Hi stranger! Signing up for MypetMD is easy, free and puts the most relevant content at your fingertips.
Four Stages of the Flea Life Cycle
Your slideshow will start shortly.
Understanding the Flea Life Cycle
When it comes to eliminating fleas from your pet and from your home, there are some key things to consider. One of the most important things is life cycle of the flea, which depending on the environmental temperature and humidity levels can take between a couple of week to many months. There are four stages in the life cycle of a flea: egg, larva, pupa, and adult. Here we will discuss all four…
It all starts when an adult female flea lays eggs following a blood meal from the host (e.g., your pet). These eggs are small, white objects (slightly smaller than a grain of sand) that are laid in the pet’s fur in bunches of about 20. The eggs will fall off your pet as it moves, allowing them to be disbursed throughout the environment where the pet spends its time. Eggs take anywhere from two days to two weeks to develop, hatching when environmental conditions are just right. Larvae then emerge as the next life stage.
The emerging larvae are blind and will avoid being out in the light. They develop over several weeks by eating pre-digested blood (known as flea “dirt”) that adult fleas pass, along with other organic debris in the environment. Flea larvae, which are white and legless, can be up to ¼-inch long. If conditions are favorable, the larvae will spin cocoons in about 5 to 20 days of hatching from their eggs.
This cocoon stage is the last developmental stage before the adult flea emerges. It has a sticky outer coating that allows it to hide deep in the carpeting and not be easily removed by light vacuuming or sweeping. The cocoon protects the pupae for several days or weeks before the adult flea emerges. If environmental conditions are not right for emergence, the cocoon can protect the developing flea for months, and in some cases, years.
4. Adult Fleas
Once a flea has emerged from the cocoon, it will need to begin feeding from a host within a few hours. Shortly after the first meal, adult fleas will breed and begin laying eggs within a few days. New adult fleas have a flat bodied appearance and are very small and dark in color. Once they feed, however, they will become larger and lighter in color, taking on the more recognizable flea shape. They spend the majority of their time living on the host while they feed, breed, and lay eggs, and can live anywhere from a couple of weeks to several months on the host animal.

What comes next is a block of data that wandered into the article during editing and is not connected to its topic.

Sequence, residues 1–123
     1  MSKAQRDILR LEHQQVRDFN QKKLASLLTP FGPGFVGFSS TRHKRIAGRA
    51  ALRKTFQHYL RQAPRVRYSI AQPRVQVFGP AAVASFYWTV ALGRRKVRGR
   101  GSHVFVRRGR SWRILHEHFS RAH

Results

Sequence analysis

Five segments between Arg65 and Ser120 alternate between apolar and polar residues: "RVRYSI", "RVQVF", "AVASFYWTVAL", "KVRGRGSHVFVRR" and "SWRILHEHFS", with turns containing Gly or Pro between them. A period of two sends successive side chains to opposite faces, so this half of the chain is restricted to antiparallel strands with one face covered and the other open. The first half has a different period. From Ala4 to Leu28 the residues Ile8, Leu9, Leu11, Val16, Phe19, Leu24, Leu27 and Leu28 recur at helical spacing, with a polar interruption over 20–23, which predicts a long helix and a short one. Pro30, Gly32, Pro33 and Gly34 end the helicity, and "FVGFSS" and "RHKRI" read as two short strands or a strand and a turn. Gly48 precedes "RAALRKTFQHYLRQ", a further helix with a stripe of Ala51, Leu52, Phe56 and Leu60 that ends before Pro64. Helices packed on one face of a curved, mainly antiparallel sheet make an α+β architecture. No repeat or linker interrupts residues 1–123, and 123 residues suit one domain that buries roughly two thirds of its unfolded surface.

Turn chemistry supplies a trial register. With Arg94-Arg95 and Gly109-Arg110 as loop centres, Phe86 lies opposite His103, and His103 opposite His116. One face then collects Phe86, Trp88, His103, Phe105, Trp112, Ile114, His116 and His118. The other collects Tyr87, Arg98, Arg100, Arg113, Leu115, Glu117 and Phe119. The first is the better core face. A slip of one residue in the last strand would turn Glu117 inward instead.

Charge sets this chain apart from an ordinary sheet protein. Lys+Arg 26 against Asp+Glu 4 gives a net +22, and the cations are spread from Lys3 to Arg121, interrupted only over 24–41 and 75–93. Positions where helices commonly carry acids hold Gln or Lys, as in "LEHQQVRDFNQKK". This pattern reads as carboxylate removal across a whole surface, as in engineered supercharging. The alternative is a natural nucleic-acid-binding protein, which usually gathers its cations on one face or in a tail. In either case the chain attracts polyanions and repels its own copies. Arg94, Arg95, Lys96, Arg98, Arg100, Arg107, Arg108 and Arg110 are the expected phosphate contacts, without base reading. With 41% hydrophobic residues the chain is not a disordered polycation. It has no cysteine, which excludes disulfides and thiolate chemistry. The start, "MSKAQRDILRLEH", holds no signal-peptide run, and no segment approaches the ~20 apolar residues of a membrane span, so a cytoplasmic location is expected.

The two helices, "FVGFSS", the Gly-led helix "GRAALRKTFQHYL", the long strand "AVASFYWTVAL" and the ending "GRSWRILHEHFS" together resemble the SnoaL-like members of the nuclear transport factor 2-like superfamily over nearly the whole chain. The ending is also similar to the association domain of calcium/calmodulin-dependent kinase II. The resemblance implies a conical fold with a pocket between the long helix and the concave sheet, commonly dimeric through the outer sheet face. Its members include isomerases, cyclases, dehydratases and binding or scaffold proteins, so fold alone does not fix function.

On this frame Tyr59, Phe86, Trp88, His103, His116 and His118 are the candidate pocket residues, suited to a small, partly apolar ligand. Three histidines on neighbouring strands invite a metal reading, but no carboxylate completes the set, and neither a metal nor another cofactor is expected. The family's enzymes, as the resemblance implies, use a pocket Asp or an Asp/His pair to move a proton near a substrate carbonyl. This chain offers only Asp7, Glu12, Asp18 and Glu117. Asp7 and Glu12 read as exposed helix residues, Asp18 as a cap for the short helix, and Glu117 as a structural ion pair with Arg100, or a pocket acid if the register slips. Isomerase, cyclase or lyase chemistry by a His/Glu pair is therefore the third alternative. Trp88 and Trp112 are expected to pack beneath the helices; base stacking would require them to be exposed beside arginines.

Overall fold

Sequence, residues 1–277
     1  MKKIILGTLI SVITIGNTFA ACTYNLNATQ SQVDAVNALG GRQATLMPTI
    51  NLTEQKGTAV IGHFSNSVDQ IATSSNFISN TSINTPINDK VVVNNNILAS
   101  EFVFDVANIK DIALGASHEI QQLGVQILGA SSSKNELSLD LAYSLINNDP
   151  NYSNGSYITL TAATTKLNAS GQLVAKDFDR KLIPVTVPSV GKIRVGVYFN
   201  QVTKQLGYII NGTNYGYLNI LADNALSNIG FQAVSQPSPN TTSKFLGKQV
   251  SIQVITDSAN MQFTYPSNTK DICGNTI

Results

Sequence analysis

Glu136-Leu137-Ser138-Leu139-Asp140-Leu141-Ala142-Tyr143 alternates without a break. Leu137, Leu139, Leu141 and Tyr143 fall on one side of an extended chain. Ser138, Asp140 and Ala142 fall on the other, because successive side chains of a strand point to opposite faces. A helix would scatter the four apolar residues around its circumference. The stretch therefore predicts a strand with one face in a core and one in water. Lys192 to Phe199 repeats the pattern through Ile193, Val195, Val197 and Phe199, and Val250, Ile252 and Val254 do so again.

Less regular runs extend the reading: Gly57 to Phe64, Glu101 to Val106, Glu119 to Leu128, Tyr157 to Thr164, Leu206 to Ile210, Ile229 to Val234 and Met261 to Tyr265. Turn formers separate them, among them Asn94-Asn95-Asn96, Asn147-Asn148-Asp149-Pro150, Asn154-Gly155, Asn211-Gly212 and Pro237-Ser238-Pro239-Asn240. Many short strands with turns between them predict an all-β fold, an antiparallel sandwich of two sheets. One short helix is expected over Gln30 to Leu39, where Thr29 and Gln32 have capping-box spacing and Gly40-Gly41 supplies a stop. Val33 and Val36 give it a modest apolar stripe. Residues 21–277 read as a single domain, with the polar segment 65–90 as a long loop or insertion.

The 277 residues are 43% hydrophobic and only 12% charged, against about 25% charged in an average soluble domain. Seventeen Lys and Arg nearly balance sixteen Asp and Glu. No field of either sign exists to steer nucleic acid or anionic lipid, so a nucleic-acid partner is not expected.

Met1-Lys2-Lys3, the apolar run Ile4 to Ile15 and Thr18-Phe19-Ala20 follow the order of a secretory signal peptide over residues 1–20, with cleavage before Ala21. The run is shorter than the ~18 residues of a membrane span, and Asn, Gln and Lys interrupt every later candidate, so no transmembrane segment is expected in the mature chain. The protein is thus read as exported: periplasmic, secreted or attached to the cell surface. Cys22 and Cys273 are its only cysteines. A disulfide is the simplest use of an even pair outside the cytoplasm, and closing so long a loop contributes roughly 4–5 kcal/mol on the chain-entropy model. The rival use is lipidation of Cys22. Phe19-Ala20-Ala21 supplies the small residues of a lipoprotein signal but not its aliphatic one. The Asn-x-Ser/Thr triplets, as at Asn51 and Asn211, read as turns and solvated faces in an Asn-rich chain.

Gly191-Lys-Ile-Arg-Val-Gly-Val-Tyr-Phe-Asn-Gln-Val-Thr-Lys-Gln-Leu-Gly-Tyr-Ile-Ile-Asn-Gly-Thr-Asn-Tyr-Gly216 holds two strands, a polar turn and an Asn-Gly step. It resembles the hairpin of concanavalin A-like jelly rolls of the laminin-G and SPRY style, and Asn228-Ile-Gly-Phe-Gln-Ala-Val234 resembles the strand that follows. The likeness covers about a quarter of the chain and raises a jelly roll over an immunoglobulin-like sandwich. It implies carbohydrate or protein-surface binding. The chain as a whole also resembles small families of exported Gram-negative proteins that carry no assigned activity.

Use your knowledge of the flea life cycle to eliminate an infestation. Treat the environment properly by vacuuming regularly for several weeks and thoroughly washing bedding and toys in hot soapy water to remove eggs, larvae, and pupae. Treat the adult fleas living on your pet with shampoos, sprays, dips, or spot-on medications. If you have any questions or concerns your veterinarian can help you make the best decision for treating your pet.
Additional SlideshowsWhat's New Dog Cat
|Does Your Dog Food Have these 6 Vegetables?||5 Ways to Help Your Cat Stay Disease Free||10 Tips for Creating a Stress-Free Environment for Your Cat||5 Signs of Heat Stroke in Dogs||10 Signs Your Cat Might Be Stressed|
|6 Tips for Choosing Puppy Food||Understanding Ticks on Dogs and Cats||Five Dangerous Super Bowl Party Foods for Your Pet||Five Steps to Preventing Dog Separation Anxiety||5 Dog Food Storage Mistakes You DON’T Want to Make|
|3 Cat Food Mistakes to AVOID||4 Must-Read Tips Before Buying a Food-Dispensing Cat Toy||Introducing MyBowl for Cats: A New Way to Think About Cat Food||5 Weird Cat Habits||4 Must-Know Facts About Kidney Disease in Cats|